When we talk about laws that mandate equal pay for women, we need to keep in mind that most reasonable people agree that two equally competent individuals should be compensated equitably for their work, regardless of their gender, or any other character trait, for that matter. I don’t know anyone, of any political persuasion, that doesn’t think this should be the case.
With that in mind, I think most reasonable people can also agree that, if a law is unnecessary or outdated, then repealing it is no crime. If Scott Walker et al. could make the case that this law is no longer needed, and that similarly situated men and women are receiving equitable compensation, then there would be absolutely nothing wrong with repealing this law. Indeed, there is no point in filling up state codes with laws that are unnecessary or cumulative. If employers are treating men and women equally, then we needn’t fatten state codes with pointless provisions.
But Walker and his Republican peers have completely failed to make that case; which is interesting, because there is certainly research out there that that suggests the gap in earnings between similarly situated men and women is greatly exaggerated. The analysis doesn’t end there, of course. But the fact is that Walker and his peers are not even trying to make that case. Instead, they’re talking almost entirely about the impact of “baseless” discrimination lawsuits on the cost of doing business; and apparently, while they’re at it, citing Ann Coulter as an authority. Which is problematic for reasons obvious enough that they need not be pointed out.
I think this is another good example of why I’ve always been turned off by the intellectual culture of the modern Republican party. Even when a reasonable case could be made for their policy position, they completely fail to make it. The people who the Republicans need to convince in order for repeal of the Wisconsin “Equal Pay” bill not to become a political liability are the women who the law protects. There’s no question that the constant threat of lawsuits makes it more difficult to run a business. But if those lawsuits are vindicating a right that couldn’t be vindicated otherwise, then they might be a necessary evil. Walker and his peers had an opportunity before repealing this law to make the case that Wisconsin women don’t need this bill. Instead, they talked about the negative effect that the “Equal Pay” law had on business owners, which makes it look like they don’t care about protecting female employees. That may not be true as a matter of fact, but that’s certainly how it looks. And they have nobody but themselves to blame for that perception.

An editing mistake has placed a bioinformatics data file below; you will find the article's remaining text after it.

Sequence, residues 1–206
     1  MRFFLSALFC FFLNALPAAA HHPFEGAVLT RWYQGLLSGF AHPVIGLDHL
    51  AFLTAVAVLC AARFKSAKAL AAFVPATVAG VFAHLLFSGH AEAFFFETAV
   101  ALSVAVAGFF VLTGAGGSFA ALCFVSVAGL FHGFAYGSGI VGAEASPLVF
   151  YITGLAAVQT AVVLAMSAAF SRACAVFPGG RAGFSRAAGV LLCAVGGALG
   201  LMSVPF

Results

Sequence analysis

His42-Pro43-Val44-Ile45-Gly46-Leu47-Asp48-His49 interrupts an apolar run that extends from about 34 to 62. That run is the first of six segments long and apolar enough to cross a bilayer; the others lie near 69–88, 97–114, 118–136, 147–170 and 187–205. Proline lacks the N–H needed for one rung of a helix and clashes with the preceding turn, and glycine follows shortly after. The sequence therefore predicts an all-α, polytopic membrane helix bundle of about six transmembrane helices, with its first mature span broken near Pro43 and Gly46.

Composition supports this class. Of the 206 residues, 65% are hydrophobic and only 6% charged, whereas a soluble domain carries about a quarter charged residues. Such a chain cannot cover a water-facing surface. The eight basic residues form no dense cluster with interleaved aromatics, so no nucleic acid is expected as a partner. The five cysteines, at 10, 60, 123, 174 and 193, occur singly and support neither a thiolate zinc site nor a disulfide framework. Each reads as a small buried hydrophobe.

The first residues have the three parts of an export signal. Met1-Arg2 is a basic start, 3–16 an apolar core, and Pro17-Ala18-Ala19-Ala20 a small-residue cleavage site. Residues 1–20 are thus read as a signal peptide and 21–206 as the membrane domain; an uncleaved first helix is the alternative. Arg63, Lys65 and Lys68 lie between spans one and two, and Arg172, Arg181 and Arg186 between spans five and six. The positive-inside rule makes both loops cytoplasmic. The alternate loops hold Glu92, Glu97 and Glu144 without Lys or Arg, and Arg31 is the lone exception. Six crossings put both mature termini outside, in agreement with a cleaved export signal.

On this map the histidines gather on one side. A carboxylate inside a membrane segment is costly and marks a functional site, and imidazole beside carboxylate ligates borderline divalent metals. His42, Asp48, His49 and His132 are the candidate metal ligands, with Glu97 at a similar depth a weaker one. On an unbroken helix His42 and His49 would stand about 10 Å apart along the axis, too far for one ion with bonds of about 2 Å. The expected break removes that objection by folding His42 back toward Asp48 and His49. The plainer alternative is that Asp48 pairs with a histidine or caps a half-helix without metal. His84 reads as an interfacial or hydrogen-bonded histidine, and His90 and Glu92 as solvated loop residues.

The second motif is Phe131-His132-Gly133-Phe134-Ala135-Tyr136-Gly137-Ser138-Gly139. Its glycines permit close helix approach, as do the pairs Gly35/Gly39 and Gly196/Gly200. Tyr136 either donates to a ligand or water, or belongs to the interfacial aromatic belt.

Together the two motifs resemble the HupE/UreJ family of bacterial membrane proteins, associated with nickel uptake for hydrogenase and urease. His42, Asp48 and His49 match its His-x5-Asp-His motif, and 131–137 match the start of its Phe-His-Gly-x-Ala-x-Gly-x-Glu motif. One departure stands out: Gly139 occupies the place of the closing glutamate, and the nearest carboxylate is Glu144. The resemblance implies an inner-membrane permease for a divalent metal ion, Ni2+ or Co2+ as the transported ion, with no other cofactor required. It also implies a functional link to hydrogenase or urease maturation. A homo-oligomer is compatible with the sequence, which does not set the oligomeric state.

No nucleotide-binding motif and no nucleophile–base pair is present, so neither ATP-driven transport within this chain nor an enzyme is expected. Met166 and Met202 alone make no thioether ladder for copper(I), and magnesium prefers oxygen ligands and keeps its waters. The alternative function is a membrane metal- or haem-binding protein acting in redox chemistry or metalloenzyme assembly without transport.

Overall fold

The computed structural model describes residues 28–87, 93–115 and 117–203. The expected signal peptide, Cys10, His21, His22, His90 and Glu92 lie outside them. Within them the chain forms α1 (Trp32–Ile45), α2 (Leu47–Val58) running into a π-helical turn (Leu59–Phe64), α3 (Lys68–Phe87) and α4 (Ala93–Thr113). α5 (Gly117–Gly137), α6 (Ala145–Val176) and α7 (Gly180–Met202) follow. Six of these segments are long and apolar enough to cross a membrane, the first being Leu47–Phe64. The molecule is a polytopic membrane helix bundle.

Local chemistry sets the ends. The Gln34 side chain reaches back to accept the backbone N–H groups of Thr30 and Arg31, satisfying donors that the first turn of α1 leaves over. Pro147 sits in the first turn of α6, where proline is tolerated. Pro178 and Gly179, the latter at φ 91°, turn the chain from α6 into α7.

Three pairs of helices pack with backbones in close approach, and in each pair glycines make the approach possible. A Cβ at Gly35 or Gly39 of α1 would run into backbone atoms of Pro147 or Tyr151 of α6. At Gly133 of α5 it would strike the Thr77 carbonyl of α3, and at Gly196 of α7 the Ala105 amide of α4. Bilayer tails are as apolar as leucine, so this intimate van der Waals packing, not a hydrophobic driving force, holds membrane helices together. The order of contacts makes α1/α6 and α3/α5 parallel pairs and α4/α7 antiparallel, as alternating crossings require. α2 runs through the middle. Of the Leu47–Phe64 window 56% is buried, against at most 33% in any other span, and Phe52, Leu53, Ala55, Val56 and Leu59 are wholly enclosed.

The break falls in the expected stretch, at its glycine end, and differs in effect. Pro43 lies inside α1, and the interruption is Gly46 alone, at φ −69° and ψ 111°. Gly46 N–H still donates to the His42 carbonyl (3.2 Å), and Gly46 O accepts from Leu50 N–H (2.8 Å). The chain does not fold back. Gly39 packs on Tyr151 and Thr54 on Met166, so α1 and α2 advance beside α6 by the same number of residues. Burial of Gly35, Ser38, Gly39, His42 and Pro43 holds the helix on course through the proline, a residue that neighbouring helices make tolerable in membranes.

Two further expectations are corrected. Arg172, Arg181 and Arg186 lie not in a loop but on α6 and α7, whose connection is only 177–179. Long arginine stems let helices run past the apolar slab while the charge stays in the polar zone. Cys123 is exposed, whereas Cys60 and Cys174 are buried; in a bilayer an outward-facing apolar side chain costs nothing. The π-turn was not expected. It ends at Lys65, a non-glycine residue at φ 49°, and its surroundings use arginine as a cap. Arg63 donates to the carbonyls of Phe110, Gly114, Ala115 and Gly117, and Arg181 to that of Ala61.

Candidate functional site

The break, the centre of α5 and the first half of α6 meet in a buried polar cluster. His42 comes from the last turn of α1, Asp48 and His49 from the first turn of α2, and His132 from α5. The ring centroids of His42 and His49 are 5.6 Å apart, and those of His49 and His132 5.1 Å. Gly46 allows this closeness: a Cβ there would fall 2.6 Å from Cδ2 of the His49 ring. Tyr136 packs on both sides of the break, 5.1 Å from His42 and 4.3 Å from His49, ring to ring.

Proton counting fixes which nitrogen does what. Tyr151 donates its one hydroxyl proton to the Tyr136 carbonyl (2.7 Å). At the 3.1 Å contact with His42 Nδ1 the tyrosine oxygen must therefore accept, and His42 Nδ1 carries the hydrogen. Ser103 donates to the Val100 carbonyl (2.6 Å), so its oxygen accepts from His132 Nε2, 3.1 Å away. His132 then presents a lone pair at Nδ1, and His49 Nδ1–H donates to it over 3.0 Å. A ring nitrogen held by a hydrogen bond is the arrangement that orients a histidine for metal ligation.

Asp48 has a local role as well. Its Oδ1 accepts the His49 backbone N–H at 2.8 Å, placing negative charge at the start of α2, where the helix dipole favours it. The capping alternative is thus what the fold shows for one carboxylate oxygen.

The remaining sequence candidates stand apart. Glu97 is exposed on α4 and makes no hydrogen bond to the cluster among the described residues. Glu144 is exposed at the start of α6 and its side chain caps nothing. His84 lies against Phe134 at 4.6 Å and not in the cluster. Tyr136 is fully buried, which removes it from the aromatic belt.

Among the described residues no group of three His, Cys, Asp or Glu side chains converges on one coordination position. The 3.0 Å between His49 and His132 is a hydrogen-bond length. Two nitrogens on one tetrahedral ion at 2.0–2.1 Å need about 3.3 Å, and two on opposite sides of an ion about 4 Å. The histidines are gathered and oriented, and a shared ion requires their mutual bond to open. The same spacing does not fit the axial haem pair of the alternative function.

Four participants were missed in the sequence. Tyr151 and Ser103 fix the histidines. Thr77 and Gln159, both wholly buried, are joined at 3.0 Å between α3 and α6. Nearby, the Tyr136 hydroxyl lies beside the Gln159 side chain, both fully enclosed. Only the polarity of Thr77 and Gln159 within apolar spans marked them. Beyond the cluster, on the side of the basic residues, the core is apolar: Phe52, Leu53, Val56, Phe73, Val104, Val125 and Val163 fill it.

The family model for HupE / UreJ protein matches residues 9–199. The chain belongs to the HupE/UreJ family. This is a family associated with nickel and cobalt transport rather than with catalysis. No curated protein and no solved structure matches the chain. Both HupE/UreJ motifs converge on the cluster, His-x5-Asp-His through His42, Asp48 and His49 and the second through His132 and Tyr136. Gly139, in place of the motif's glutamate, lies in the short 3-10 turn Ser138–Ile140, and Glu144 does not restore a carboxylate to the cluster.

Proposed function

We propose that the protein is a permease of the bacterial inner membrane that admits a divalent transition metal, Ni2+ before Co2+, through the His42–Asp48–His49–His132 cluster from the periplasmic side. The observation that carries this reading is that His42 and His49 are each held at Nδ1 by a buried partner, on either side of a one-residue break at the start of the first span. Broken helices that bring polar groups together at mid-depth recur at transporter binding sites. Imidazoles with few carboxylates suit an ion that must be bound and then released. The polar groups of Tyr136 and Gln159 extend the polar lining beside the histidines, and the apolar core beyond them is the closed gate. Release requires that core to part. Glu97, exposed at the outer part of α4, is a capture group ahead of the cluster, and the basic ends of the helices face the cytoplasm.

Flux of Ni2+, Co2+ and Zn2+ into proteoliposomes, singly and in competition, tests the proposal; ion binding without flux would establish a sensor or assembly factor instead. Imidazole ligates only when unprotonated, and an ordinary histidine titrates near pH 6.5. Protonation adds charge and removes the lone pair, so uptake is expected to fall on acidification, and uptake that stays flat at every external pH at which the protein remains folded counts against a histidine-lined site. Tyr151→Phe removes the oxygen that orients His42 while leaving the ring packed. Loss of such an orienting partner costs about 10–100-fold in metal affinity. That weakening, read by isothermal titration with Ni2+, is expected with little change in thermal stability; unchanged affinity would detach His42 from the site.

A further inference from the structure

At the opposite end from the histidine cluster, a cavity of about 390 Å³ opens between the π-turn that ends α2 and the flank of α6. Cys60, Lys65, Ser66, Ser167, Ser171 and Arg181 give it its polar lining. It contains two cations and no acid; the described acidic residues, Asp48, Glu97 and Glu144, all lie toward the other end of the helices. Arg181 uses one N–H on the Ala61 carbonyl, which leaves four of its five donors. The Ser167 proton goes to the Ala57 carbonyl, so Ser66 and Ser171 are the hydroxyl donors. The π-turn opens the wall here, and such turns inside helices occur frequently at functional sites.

This is a huge political failure by Walker and his Republican allies in Wisconsin. Their decision to repeal Wisconsin’s “Equal Pay” law will become yet another political liability for Republicans nationally come November. And they could have prevented this by speaking directly to the women affected, and trying to convince them that they’ll be ok without the bill. They didn’t do that. And they deserve every electoral defeat they receive as a result of that oversight.